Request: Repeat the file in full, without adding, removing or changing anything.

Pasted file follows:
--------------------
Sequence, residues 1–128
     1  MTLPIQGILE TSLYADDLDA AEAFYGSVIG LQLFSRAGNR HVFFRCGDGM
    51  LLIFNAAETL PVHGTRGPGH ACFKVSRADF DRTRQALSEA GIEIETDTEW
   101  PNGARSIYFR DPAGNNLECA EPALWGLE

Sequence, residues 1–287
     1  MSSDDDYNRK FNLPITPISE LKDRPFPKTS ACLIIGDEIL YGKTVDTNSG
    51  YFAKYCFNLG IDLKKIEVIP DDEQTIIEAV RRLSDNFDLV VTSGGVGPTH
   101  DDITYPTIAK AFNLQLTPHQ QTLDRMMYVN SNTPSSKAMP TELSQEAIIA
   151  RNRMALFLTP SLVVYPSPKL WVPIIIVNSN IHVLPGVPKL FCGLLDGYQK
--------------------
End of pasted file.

Sequence, residues 1–128
     1  MTLPIQGILE TSLYADDLDA AEAFYGSVIG LQLFSRAGNR HVFFRCGDGM
    51  LLIFNAAETL PVHGTRGPGH ACFKVSRADF DRTRQALSEA GIEIETDTEW
   101  PNGARSIYFR DPAGNNLECA EPALWGLE

Sequence, residues 1–287
     1  MSSDDDYNRK FNLPITPISE LKDRPFPKTS ACLIIGDEIL YGKTVDTNSG
    51  YFAKYCFNLG IDLKKIEVIP DDEQTIIEAV RRLSDNFDLV VTSGGVGPTH
   101  DDITYPTIAK AFNLQLTPHQ QTLDRMMYVN SNTPSSKAMP TELSQEAIIA
   151  RNRMALFLTP SLVVYPSPKL WVPIIIVNSN IHVLPGVPKL FCGLLDGYQK